All three major indexes broke months’ long winning streaks and finished the month of August down modestly despite positive economic news. September is typically the worse month of the year for markets.
Consumer Spending Rises 0.8%
Consumer spending rose a robust 0.8% in July after jumping an upwardly revised 0.6% in June. Core consumer spending rose 0.6% after rising 0.4% in June. The increase was slightly above expectations. Spending on goods increased 0.7%, mostly reflecting spending on non-durable goods such as pharmaceuticals, recreational items, groceries and clothing. There were also increases in spending on recreational goods and vehicles as well as household furnishings and equipment and other durable goods. Services spending increased 0.8%, driven by portfolio management and investment advice services, housing and utilities, restaurants and healthcare. Economists said the jump in consumer spending was driven mainly by one-time factors, such as the “Barbenheimer” phenomenon, that are unlikely to be repeated. Utility spending leapt as an unprecedented heat wave caused Americans to crank up air conditioning. Back-to-school shopping also likely fueled some spending.
Consumer Prices Rise 0.2% in July
The Consumer Price Index (CPI) rose 0.2% for the second consecutive month in July and was up 3.2% year over year after being up 3.0% in June. Shelter costs accounted for 90% of the increase. Inflation peaked at 9.1% in June 2022. Core inflation, which excludes the volatile food and energy categories, rose 0.2% in July, matching June’s increase. Core inflation fell to 4.7% year over year after falling to 4.8% in June. Inflation is gradually slowing and getting closer to the Fed’s preferred level of 2.0%. The personal consumption expenditures (PCE) price index increased 2.5% in the second quarter, down 0.1% from a previous estimate. Excluding food and energy prices, the PCE price index rose 3.7%, also down 0.1%. Expectations were for core PCE prices to rise 3.8%. The Fed closely tracks the PCE price indexes for monitoring their 2% inflation target.
Consumer Confidence Falls to 106.1
Unemployment Rises to 3.8%
Chicago PMI Rises to 48.7
The Chicago PMI rose to 48.7 in August after rising to 42.8 in July. It was the highest reading in a year and well above expectations. However, it was the 12th month in a row the PMI remained below 50, the level that indicates expansion. Looking back to when the series began in 1967, the PMI has ranged from 20.7 in June 1980 to 81.0 in November 1973.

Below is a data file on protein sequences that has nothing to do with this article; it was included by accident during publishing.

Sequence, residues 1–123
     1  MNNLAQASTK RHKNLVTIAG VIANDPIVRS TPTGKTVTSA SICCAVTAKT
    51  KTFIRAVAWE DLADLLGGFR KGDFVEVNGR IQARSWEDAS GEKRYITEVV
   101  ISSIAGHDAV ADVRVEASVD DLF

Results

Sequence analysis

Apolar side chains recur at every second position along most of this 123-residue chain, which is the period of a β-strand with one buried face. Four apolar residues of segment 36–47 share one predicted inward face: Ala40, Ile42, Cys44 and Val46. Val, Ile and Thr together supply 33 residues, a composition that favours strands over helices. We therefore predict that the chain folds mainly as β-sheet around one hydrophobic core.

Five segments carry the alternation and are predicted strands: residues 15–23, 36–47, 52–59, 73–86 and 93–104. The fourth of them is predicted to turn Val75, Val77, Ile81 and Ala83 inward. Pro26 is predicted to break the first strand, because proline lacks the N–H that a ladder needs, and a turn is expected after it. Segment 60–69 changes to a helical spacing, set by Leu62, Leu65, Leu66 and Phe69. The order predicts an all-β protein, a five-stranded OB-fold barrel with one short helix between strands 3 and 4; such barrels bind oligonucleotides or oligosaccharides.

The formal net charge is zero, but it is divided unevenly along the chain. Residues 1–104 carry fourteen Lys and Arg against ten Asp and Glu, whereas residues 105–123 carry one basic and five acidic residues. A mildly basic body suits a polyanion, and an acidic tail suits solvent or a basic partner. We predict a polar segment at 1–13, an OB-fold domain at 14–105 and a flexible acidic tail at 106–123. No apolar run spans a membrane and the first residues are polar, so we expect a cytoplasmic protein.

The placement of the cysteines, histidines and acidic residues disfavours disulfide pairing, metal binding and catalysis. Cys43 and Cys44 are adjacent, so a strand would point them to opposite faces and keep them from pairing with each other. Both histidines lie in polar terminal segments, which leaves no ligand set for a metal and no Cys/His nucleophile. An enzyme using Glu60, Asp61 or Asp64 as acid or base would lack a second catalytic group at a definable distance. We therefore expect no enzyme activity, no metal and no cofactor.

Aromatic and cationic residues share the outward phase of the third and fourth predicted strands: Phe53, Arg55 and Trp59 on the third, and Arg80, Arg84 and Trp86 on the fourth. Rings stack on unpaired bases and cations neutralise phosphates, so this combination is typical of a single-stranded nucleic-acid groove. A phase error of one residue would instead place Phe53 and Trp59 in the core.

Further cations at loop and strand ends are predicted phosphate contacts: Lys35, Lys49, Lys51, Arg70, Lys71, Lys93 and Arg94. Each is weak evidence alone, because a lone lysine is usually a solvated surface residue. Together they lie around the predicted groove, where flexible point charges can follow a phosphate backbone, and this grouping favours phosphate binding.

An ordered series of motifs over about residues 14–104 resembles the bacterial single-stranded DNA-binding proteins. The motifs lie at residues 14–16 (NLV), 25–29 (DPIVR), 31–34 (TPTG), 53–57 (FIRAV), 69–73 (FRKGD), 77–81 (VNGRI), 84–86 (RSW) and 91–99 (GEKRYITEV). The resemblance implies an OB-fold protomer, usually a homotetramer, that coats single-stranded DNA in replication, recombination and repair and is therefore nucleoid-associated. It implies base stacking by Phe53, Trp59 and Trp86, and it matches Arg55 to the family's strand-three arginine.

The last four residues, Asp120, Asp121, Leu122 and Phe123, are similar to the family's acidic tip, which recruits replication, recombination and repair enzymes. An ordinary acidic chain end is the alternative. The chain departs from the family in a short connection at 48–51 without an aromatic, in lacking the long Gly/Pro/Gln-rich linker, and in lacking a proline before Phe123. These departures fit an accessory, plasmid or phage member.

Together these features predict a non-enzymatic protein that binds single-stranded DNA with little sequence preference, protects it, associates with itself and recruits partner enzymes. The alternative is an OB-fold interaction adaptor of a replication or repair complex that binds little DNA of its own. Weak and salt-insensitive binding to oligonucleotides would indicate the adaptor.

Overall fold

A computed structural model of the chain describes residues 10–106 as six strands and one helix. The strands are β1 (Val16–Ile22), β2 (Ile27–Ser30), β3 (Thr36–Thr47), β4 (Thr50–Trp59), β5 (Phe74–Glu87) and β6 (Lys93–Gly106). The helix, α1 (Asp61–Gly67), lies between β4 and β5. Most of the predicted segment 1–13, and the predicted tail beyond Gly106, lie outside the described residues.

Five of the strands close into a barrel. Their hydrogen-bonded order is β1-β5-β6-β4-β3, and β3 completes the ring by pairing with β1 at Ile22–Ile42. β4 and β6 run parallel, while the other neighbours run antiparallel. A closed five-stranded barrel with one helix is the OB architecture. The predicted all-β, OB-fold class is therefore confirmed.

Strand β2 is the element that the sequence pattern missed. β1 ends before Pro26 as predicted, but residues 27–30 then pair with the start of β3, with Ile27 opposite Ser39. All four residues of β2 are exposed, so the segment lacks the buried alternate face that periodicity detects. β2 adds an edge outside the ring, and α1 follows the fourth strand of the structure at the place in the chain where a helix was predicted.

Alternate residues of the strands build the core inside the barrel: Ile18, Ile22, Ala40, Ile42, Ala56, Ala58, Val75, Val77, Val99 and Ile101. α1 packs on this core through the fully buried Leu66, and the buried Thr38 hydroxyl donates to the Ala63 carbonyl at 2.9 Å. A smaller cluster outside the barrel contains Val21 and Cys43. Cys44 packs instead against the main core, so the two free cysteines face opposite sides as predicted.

Wholesale Prices Rise 0.8%
The Producer Price Index (PPI) rose 0.8% in July after rising an upwardly revised 0.2% in June and was up just 0.1% year over year for the second consecutive month. Stripping out volatile food and energy prices, core PPI rose 0.2% in July after increasing 0.1% for three consecutive months. The PPI peaked at a whopping 11.7% year-over-year increase in March 2022.
Q2 GDP Growth Revised Down to 2.1%
Q2 GDP grew a downwardly revised 2.1% rather than the 2.4% first reported, according to the second reading from the Commerce Department. Growth was still slightly above the 2.0% pace in Q1. Economists had expected GDP to be unchanged. The revision primarily reflects downward corrections in the components of private inventory investment and non-residential fixed investment, which were partially offset by an increase in state and local government spending. In addition imports, which subtract from GDP, were upwardly revised. Spending on services rose three times more than spending on goods.
Fed Could Raise Rates if Needed
Fed Chairman Jerome Powell stressed that rates could move higher if that’s what is needed to tame inflation during his much-anticipated remarks at the annual Jackson Hole Economic Symposium. This annual presentation has become a major event as it provides an in-depth look at how the Fed views both the current condition and probable direction of the economy. Powell reiterated that there has been much economic progress, but as long as wage growth continues inflation may remain above the Fed’s target of 2%. The Fed also promised to proceed cautiously and vowed not to bring “unnecessary harm” to the consumer. Most economists believe that the Fed is simply holding the door open and will hold steady in September.
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